USPG Volunteering Manager Rebecca Woollgar reflects on her experiences in Brazil where she witnessed the Anglican Church’s inspiring work among communities that face many challenges.
Visiting Brazil was a huge culture shock for me, as I knew it would be. It was my first experience of a country and society so different to my own. In nearly every conversation I had, the same issues kept coming up: the corruption of the government and the growing issues of drug crime, violence and human trafficking. At times these stories were overwhelming and I couldn’t help but feeling desperate for these communities. I was told story after story, statistic after statistic, depicting the scale of sexual abuse on public transport, violent muggings on roads after dark, and the power held by drug lords.
These stories made me reflect on how much we take our own personal safety for granted here in the UK. We may have complaints about the NHS or the government, but in comparison to Brazil and many other countries around the world, we are hugely privileged in the services we have and the justice that is upheld here.
Our Anglican partners in both Rio de Janeiro and the Amazon are reaching out to their communities and offering practical help and support. I was hugely inspired by the people I met and the difference their activities were making to individual lives and the wider community. The local church is a beacon of hope and light in these dark situations. It reminded me of Philippians 2:15, which speaks about us becoming children of God who shine like stars in the dark world.
One girl I met, Leticia, shared how much a local guitar class meant to her, and the confidence it gave her. The class is run by the Anglican Church in Belem, and was set up to encourage children to stay off the streets and away from the danger that seems to be around every corner in the area of Icoraci. I was informed that Icoraci is a hotspot for human trafficking and drug crime. The guitar class is part of a community project that offers a safe place for children to learn together and talk openly about issues affecting them. At the end of the class, the children stand in a circle and pray for their community. This was how my visit ended, and it was incredibly special to be a part of it. As we were saying goodbye, Leticia gave me her bracelet which had a guitar symbol with her name written on it. She said she wanted me to have it so I could remember her. It is something I treasure and a reminder to pray for her and the other children who benefit from that class. I felt very fortunate to meet these children and hear about the hope the church is giving them in a society so full of hopelessness.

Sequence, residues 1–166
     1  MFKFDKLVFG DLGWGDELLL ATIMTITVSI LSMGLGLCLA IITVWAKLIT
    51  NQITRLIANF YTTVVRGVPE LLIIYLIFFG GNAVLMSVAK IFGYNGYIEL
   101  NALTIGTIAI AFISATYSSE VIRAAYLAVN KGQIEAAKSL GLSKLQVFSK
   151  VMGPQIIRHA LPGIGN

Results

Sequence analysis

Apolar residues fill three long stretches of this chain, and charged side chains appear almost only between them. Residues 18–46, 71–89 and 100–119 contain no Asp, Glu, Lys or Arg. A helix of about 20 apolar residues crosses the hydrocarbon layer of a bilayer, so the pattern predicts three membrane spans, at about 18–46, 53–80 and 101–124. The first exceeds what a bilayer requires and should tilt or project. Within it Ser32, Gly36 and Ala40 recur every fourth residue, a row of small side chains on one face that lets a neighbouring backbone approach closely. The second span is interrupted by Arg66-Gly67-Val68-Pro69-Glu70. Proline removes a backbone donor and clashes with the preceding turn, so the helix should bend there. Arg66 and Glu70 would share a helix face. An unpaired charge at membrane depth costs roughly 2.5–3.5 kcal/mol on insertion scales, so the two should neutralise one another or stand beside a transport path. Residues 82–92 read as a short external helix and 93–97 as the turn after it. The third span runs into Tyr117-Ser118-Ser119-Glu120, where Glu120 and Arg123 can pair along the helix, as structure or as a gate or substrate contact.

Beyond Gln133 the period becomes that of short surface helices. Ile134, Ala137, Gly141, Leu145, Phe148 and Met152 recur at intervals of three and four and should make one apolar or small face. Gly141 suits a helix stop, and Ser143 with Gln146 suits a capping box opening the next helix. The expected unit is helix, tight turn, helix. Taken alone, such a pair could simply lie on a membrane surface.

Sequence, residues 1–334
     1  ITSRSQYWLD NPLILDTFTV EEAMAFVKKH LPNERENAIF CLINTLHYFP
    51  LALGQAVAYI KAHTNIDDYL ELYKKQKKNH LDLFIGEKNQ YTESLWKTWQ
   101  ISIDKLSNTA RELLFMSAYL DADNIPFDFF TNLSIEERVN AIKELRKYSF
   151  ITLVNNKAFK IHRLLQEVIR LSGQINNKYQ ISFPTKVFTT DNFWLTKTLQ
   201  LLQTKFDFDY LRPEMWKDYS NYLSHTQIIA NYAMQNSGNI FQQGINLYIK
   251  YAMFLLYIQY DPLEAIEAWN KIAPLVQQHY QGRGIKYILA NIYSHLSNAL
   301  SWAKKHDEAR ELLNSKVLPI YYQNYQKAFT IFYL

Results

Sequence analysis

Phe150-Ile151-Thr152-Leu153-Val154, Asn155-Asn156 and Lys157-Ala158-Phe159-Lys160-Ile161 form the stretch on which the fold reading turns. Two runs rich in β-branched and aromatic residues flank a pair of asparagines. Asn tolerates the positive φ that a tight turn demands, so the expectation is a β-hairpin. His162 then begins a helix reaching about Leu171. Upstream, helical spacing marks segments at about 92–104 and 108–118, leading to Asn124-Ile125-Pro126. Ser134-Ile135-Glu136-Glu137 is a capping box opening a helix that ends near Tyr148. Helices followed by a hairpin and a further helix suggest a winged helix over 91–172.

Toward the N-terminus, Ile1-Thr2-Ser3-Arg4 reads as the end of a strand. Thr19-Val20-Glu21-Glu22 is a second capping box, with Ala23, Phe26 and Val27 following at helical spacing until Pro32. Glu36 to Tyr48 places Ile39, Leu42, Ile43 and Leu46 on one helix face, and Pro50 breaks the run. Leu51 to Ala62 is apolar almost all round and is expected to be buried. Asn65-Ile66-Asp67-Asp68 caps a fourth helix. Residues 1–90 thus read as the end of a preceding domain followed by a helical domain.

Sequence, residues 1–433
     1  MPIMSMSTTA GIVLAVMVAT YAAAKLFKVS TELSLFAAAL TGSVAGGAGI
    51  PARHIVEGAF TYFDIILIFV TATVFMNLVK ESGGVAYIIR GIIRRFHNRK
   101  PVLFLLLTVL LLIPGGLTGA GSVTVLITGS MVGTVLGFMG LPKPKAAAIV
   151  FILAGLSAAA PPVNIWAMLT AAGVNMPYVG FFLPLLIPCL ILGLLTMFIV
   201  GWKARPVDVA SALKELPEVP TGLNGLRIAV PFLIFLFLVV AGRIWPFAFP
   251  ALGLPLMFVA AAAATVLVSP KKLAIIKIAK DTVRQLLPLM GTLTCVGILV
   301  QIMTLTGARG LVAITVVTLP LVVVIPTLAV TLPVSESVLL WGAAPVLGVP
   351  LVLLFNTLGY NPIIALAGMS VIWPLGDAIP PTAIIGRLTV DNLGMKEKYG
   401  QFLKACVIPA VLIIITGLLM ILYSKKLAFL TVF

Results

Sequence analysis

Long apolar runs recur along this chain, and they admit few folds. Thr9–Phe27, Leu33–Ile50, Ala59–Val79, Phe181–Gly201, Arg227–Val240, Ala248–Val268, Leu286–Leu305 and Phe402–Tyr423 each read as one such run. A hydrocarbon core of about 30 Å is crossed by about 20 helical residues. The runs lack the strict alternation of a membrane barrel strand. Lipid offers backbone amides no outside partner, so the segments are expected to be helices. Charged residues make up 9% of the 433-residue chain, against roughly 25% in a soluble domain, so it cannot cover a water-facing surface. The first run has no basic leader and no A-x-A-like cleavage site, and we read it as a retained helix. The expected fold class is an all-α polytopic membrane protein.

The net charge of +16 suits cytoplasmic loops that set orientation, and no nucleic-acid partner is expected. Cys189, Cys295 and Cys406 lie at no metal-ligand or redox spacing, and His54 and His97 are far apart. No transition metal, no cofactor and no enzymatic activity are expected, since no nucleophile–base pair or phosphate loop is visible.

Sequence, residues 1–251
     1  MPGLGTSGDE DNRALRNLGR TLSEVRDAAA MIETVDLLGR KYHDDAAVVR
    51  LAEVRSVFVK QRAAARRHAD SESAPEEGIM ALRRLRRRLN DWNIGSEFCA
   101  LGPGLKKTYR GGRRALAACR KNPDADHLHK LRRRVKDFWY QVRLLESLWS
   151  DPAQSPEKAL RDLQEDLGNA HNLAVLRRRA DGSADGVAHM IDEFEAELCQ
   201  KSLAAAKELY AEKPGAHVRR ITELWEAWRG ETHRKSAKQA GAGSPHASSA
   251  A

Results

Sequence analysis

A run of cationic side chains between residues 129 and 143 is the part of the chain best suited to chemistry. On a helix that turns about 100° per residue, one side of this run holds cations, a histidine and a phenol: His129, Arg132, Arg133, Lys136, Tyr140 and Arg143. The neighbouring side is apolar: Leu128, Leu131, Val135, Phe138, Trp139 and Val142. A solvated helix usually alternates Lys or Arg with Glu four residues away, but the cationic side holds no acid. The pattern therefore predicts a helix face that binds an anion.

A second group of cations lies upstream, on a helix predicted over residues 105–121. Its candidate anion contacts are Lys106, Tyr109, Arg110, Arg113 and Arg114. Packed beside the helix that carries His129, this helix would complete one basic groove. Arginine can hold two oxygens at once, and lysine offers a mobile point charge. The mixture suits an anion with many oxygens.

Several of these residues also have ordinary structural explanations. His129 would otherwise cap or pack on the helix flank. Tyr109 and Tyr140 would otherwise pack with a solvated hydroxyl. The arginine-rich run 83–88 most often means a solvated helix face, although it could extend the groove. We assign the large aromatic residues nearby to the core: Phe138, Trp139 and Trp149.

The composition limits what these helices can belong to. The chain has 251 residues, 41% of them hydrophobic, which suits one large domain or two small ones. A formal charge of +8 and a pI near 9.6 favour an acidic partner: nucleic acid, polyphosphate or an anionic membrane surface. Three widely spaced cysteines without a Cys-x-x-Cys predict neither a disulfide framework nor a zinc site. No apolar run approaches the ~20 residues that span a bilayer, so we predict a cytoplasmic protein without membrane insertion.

Another community project we visited was in a remote village in the Amazon called Barcarena. Here the children had prepared a traditional Brazilian dance for us.
The project offers children the chance to learn new skills, especially in the arts and creative subjects that schools often cut out of the syllabus. Finding out that in Latin America children only go to school for half the day was a shock to me. Stories I heard included teachers not turning up and the huge range of ages expected to learn in the same class. Children who participate in the community project tend to fare much better at school because of the confidence the project gives them. It was inspiring to meet Fabio who co-ordinates this and many other local projects. He has benefited from training given by the Anglican Church which has equipped him and other volunteers to run these projects and help give children a positive experience.
I returned from my visit to Brazil with a renewed sense of hope in the transformative power of the local church. Not only that, but of the collective difference that people can make when they work together in a community. I felt personally challenged to get more involved in my own local area, in Essex, and have started volunteering at a homeless charity, serving hot food to those in need.
I came across a quote recently that sums up this challenge, by the American author and historian Edward Everett Hale, who said: ‘I am only one, but I am one. I can’t do everything, but I can do something. The something I ought to do, I can do. And by the grace of God, I will.’
Please join with me in praying that our brothers and sisters in Brazil may continue to give a voice to the oppressed, hope to the hopeless and love to those who have been marginalised by society.